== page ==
It is a pleasure to serve under your chairmanship, Sir Roger, and to have secured such an important debate about the role of the Health and Safety Executive in asbestos removal. Since the debate was tabled, I have been contacted by numerous people who have informed me of unsafe asbestos-removal practices that are happening in various locations and businesses across the country. I thank each and every whistleblower for getting in touch. I regret that I cannot elaborate in great detail on many of their stories this morning because of time constraints. Instead, I intend to focus my remarks on a very specific area—the HSE’s role in the removal of asbestos from high street stores.
I shall focus on three key areas. The first is the deficiencies in the HSE when it comes to adequately assessing the scale of the asbestos problem on our high streets. Next, I shall consider the HSE’s ability to enforce regulation and how the HSE is involved in the process of asbestos removal, and suggest improvements to procedures that would provide better protection for the public. Finally, I shall examine the moral and ethical position of our high street retailers and question whether they are doing all they can to protect people or whether the financial imperative—the need to drive profits—obscures their duty of care.
I shall begin by looking at the existing legislation and regulations in this area. The Control of Asbestos Regulations 2012 place a duty to manage asbestos on duty holders in respect of non-domestic premises. The duty holder will usually be the person or organisation with responsibility for the maintenance or repair of the premises. The duty holder is required, among other things, to take reasonable steps to find out whether there are materials containing asbestos in non-domestic premises and, if so, the amount, where it is and what condition it is in; to make and keep up to date a record of the location and condition of the asbestos-containing materials or materials that are presumed to contain asbestos; to assess the risk of anyone being exposed to fibres from the materials identified; to prepare a plan that sets out in detail how the risks from those materials will be managed; to take the necessary steps to put the plan into action; periodically to review and monitor the plan and the arrangements to act on it, so that the plan remains relevant and up to date; and to provide information on the location and condition of the materials to anyone who is liable to work on or disturb them.
Further, the duty to manage asbestos is a legal requirement under regulation 4 of the Control of Asbestos Regulations 2006. That applies to the owners and occupiers of commercial premises such as shops, offices and industrial units, who have responsibility for maintenance and repair activities. In addition to those responsibilities, retailers, as duty holders, have a duty to assess the presence and condition of any asbestos-containing materials. If asbestos is present or is presumed to be present, it must be managed appropriately.
In the context of today’s debate, it is clear that the duty holder is the high street retailer that occupies a unit or building. The Health and Safety Executive has produced a step-by-step guide for duty holders in buildings built before 2000, who have more than 25 employees. In many instances, the advice is to employ a qualified asbestos removal contractor who is licensed and monitored by the HSE to remove the asbestos in a controlled and appropriate manner. However, I will detail how that process is not always as safe as some at the HSE might envisage.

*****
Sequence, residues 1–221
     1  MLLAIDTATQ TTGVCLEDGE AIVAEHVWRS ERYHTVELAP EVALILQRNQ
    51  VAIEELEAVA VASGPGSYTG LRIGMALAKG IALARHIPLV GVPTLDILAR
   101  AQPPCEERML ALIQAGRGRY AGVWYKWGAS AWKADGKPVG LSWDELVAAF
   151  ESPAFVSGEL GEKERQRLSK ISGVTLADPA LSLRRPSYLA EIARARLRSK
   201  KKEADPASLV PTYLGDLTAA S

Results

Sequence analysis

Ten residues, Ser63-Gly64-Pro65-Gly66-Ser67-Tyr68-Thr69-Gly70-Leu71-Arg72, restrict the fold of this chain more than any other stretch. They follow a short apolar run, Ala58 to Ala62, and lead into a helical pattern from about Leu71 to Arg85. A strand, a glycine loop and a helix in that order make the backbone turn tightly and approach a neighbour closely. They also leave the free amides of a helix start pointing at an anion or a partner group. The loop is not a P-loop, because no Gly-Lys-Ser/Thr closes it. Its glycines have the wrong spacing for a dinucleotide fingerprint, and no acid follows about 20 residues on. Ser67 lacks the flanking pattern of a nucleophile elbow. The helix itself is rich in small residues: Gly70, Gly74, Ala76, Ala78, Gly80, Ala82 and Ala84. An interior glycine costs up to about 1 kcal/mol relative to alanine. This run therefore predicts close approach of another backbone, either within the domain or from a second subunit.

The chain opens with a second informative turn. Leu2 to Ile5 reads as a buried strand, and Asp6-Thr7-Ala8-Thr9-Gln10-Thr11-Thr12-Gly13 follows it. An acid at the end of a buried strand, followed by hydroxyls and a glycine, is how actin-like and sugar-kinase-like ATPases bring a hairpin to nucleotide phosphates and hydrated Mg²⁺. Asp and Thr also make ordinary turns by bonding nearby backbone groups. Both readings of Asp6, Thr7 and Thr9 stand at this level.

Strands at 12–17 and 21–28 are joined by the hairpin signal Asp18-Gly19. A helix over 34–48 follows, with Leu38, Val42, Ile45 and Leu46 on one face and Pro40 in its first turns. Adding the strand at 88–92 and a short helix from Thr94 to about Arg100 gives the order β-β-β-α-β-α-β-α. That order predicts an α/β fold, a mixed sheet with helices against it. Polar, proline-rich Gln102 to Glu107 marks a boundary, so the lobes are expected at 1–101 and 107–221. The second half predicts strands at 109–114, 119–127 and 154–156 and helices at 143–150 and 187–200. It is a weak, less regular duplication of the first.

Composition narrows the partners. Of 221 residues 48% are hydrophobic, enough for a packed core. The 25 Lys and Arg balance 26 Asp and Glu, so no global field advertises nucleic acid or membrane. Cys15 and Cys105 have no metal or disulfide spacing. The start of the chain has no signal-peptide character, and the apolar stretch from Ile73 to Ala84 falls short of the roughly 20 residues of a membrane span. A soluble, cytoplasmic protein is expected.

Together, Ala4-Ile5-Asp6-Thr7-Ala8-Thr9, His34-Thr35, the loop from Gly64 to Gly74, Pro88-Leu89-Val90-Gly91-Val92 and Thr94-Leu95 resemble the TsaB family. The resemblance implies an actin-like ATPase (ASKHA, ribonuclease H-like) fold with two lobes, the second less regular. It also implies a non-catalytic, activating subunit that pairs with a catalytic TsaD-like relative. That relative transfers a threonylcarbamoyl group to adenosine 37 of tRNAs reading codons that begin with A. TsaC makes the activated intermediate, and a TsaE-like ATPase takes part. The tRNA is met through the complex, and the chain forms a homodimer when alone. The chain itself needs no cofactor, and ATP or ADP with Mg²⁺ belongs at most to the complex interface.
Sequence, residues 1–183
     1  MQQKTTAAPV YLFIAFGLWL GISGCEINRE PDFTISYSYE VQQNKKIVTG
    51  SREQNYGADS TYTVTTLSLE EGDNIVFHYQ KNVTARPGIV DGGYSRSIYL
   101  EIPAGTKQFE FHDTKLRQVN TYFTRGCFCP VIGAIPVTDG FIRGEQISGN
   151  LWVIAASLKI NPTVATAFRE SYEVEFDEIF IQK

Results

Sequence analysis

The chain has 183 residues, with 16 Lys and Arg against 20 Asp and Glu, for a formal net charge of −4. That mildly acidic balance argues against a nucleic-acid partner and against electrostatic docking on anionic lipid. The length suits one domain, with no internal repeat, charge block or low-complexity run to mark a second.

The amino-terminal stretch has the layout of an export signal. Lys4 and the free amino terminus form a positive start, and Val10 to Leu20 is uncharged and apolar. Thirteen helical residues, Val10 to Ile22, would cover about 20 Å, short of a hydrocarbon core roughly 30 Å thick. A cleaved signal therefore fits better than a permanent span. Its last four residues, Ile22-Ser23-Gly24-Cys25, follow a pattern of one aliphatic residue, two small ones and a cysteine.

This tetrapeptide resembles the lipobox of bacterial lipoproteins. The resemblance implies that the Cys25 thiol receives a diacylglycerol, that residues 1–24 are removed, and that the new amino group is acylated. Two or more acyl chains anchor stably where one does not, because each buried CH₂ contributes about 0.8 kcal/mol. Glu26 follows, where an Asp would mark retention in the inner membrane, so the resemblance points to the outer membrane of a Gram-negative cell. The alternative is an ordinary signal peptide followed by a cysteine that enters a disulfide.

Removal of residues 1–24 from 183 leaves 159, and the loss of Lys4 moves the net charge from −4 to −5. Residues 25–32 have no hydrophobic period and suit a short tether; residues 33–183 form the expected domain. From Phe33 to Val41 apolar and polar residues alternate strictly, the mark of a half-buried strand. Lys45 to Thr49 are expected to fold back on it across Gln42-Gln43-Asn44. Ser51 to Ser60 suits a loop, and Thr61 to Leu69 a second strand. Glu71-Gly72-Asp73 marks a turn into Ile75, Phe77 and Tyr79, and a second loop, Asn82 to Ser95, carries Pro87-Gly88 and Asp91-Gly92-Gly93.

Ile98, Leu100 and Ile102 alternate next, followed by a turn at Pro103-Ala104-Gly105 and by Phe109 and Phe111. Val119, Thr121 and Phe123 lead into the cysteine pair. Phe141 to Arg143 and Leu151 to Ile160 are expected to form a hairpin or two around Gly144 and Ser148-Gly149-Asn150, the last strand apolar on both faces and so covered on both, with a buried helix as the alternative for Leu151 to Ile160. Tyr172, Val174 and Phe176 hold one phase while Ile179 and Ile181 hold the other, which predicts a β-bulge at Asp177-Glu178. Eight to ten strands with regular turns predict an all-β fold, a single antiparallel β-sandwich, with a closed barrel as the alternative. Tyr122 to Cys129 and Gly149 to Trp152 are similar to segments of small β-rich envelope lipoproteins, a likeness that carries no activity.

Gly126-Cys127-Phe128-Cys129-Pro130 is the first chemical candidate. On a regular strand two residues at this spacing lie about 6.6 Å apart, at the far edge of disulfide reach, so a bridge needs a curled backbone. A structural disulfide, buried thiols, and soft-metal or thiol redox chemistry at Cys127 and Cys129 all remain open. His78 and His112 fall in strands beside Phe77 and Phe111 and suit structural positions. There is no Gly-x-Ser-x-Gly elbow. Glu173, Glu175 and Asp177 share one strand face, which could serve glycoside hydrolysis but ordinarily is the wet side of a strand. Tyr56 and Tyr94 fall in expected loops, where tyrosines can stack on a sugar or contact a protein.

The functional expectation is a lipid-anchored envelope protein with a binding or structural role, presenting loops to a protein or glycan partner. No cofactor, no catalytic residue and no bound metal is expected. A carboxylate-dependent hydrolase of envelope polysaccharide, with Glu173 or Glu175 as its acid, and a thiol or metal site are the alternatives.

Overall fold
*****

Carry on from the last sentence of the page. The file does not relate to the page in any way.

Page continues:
I thank the hon. Gentleman for bringing this important matter to the Chamber for consideration. He has outlined the role of the HSE, but 4,000 deaths a year are still caused by asbestos poisoning. The last asbestos training pledge initiative took place from September 2011 to November 2011. Does the hon. Gentleman believe that it is time for the Government to initiate another such campaign to educate people across the whole United Kingdom of Great Britain—not only on the mainland, but in Northern Ireland, Scotland and Wales as well?
That is a timely intervention. I absolutely agree that it would be appropriate to revisit that strategy at this juncture, and that is part of what I will ask the Minister to provide us today. I will also ask the Minister about updating education to ensure that people are fully aware of the dangers of exposure to asbestos.
Throughout my speech, I will refer to numerical risk ratings. For the benefit of those who are not from the construction sector, I want to clarify that the risk rating ranges from 1 to 20, with 20 representing the highest risk. Disturbed asbestos that is rated 18-plus usually refers to asbestos likely to come into direct contact with the public—for example, on the shop floor of a store through the ventilation system or in an area of a store that is easily accessible to staff and maintenance workers.
Millions of our constituents, and shoppers from across all five continents, flock to Britain’s high streets on a daily and weekly basis. Our retail industry is truly one of the great British success stories. With that success has come the need for high street retailers constantly to rebrand themselves as companies and to update and upgrade their facilities to improve the retail experience. The refurbishment of their properties usually has to be done as efficiently and as effectively as possible to ensure that it does not have a detrimental impact on profit margins.